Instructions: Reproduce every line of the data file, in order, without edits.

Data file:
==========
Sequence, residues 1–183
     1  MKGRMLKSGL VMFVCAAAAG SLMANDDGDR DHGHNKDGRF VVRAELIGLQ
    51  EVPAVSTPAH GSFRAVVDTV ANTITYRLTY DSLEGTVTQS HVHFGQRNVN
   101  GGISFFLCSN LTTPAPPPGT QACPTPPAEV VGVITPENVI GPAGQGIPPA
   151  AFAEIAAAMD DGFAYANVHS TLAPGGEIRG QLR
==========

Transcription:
Sequence, residues 1–183
     1  MKGRMLKSGL VMFVCAAAAG SLMANDDGDR DHGHNKDGRF VVRAELIGLQ
    51  EVPAVSTPAH GSFRAVVDTV ANTITYRLTY DSLEGTVTQS HVHFGQRNVN
   101  GGISFFLCSN LTTPAPPPGT QACPTPPAEV VGVITPENVI GPAGQGIPPA
   151  AFAEIAAAMD DGFAYANVHS TLAPGGEIRG QLR